In Deep Learning (Goodfellow, et al), the optimization objective of PCA is formulated as

$D^* = \arg\min_D ||X - XDD^T||_F^2, s.t. D^T D=I$

The book gives the proof of the 1-dimension case, i.e.

$\arg\min_{d} || X - X dd^T||_F^2, s.t. d^T d = 1 $

equals the eigenvector of $X^TX$ with the largest eigenvalue. And the author says the general case (when $D$ is an $m \times l$ matrix, where $l>1$) can be easily proved by induction.

Could anyone please show me how I can prove that using induction?

I know that when $D^T D = I$:

$ D^* = \arg\min_D ||X - XDD^T||_F^2 = \arg\min_D tr D^T X^T X D $

and $ tr D^T X^T X D = \left(\sum_{i=1}^{l-1} \left(d^{(i)}\right)^T X^TX d^{(i)}\right) + \left(d^{(l)}\right)^T X^TX d^{(l)} $

where the left-hand side of the addition reaches maximum when $d^{(i)}$ is the $ith$ largest eigenvector of $X^T X$ according to induction hypothesis. But how can I be sure that the result of the addition in a whole is also maximal?


1 Answer 1


We will start from $$\begin{align} D^* &= \underset{D}{arg\max}\;Tr\ (D^TX^TXD)\\ &= \underset{D}{arg\max}\left[Tr\ (D_{l-1}^TX^TXD_{l-1}) + d^{(l)T}X^TXd^{(l)}\right] \end{align} $$ Where we used the notation $D_{k}$ to denote the matrix with first $l-1$ columns of $D$.

The 2 summands in the expression share no common terms of $D$ and hence can be maximized independently.

Using the induction hypothesis, we conclude that $Tr\ (D_{l-1}^TX^TXD_{l-1})$ (with the constraint that the columns of $D_{l-1}$ are orthonormal) is maximized when $D_{l-1}$ comprises of the orthonormal eigenvectors corresponding the $l-1$ largest eigenvalues.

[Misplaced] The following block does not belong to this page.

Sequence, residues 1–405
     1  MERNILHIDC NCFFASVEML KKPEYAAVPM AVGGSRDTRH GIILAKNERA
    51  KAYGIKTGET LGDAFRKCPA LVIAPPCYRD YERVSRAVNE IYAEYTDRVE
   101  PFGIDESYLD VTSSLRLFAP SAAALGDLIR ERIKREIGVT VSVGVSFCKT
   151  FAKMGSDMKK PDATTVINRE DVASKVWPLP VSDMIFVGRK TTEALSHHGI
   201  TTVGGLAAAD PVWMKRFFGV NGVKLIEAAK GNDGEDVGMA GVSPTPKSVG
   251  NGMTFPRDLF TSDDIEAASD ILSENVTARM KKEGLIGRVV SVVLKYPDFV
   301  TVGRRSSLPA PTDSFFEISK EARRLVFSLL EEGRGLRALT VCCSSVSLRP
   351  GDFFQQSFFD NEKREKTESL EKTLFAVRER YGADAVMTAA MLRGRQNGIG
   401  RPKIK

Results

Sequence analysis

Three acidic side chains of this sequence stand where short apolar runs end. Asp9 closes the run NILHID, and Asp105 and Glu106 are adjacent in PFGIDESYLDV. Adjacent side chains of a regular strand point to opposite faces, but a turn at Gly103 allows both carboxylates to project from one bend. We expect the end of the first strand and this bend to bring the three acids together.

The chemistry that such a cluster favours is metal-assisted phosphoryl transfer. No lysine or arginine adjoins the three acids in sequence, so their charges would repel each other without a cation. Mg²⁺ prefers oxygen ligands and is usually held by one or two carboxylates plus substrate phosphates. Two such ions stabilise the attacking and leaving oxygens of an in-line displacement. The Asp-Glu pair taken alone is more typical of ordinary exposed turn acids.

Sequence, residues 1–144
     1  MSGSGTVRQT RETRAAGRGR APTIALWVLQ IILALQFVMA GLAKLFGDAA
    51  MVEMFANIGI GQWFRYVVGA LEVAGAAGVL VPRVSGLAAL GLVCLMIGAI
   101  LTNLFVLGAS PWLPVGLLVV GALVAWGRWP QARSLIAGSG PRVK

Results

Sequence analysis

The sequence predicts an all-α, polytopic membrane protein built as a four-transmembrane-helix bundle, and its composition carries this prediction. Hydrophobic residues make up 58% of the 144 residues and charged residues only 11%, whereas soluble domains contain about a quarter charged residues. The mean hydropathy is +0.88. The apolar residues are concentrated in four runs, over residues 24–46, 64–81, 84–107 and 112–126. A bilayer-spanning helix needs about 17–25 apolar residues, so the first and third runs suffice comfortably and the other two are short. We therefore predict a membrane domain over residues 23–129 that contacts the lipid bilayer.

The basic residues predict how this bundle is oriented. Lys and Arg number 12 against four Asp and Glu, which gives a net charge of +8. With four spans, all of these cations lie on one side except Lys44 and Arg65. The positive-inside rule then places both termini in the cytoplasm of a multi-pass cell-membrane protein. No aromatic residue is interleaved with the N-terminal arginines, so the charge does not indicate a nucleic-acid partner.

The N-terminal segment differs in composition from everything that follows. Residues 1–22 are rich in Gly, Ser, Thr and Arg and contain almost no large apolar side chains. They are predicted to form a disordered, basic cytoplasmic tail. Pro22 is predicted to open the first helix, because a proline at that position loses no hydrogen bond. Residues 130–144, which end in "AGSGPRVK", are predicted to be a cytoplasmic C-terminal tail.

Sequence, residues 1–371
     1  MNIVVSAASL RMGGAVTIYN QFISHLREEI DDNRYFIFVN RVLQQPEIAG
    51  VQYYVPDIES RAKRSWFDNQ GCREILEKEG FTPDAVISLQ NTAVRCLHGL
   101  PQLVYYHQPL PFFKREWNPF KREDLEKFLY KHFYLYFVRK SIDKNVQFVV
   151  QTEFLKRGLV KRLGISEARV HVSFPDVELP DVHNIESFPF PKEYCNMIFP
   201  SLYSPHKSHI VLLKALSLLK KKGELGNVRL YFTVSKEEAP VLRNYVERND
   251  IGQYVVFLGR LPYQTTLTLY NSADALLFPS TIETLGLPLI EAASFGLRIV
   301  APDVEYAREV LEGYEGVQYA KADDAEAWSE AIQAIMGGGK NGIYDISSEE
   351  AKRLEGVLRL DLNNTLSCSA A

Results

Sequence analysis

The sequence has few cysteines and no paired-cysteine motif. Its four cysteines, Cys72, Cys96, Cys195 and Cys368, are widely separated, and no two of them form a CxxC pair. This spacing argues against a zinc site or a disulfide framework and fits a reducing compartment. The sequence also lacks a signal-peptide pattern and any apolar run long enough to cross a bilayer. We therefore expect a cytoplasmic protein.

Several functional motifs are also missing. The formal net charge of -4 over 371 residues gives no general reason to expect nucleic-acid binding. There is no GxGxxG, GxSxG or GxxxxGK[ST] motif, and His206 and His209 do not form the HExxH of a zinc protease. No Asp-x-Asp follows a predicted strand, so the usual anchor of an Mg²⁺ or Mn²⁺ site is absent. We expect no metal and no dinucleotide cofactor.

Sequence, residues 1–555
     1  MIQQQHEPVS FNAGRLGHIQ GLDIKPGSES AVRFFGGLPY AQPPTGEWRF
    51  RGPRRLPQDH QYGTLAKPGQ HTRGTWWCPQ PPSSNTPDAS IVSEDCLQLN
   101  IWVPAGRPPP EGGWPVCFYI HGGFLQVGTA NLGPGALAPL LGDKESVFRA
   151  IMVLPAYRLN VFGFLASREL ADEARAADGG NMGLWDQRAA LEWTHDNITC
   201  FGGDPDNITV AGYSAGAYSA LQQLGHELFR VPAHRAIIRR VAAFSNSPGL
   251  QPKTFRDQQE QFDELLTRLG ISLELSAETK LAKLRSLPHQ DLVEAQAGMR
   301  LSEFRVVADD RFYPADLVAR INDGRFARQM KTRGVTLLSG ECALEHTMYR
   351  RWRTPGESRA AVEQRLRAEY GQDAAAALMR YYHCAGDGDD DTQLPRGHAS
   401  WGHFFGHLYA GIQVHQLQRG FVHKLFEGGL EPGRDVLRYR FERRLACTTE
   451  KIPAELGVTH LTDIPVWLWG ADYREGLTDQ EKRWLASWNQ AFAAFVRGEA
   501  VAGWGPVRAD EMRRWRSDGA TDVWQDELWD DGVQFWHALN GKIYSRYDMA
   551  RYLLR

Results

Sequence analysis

Notation: Suppose $\lambda_1 \geqslant ... \geqslant\lambda_n$ are the eigenvalues and $v_1, ..., v_n$ are the corresponding orthonormal eigenvectors.
Denote $H_{l-1} = span\{v_1, ...,v_{l-1}\}$ and $H_{l-1}^{\bot}$ the orthogonal subspace of $H_{l-1}$ i.e. $H_{l-1}^{\bot} = span\{v_l,...,v_n\}$

Lemma: $$\begin{align}\lambda_l &= \underset{d^{(l)}}{max}\ d^{(l)T}X^TXd^{(l)} \quad s.t. \Vert d^{(l)}\Vert = 1, d^{(l)} \in H_{l-1}^\bot \\ &=v_l^TX^TXv_l \end{align}$$

Proof: Let $\Sigma = X^TX$. Because it's a symmetric positive semidefinite matrix, eigendecomposition exists and let it be $\Sigma = V\Lambda V^T$ where columns of $V$ are $v_1,...,v_n$ in that order and hence $\Lambda=diag(\lambda_1,...,\lambda_n)$.
$$ \begin{align} d^{(l)T}\Sigma d^{(l)} &= d^{(l)T} V\Lambda V^T d^{(l)}\\ &= q^T \Lambda\ q \qquad [where\ q = V^Td^{(l)}]\\ &= \sum_{i=1}^n q_i^2 \lambda_i \qquad [where\ q_i = (V^Td^{(l)})_i = v_i^T d^{(l)}]\\ &= \sum_{i=l}^n q_i^2 \lambda_i \qquad [\because d^{(l)} \in H_{l-1}^\bot \implies q_i = v_i^T d^{(l)} = 0\ \forall i < l]\\ \end{align} $$ Reminder: $d^{(l)} \in H_{l-1}^\bot$ s.t. $\sum_{k=l}^n \alpha_k V_K; \sum_{k=l} \alpha_k^2 = 1$

Now $$\begin{align} \sum_{i=l}^n q_i^2 &= \sum_{i=1}^n (V_i^T \sum_{k=l}^n \alpha_k V_k)^2 \\ &= \sum_{i=l}^n (\alpha_i V_i^T V_i)^2 \qquad [\because V\ is\ orthogonal] \\ &= \sum_{i=l}^n \alpha^2 = 1 \end{align} $$

Therefore $d^{(l)T} \Sigma d^{(l)}$ is a convex combination of $\lambda_l,...,\lambda_n$ and $$\underset{d^{(l)}}{max}\ d^{(l)T}\Sigma d^{(l)} = \underset{d^{(l)}}{max}\ d^{(l)T}X^TXd^{(l)} = v_l^TX^TXv_l = \lambda_l \ (qed)$$

We conclude that $D^*$ is obtained by augmenting $D_{l-1}$ with the column $v_l$ which completes the original proof.


Your Answer

By clicking “Post Your Answer”, you agree to our terms of service and acknowledge you have read our privacy policy.

Not the answer you're looking for? Browse other questions tagged or ask your own question.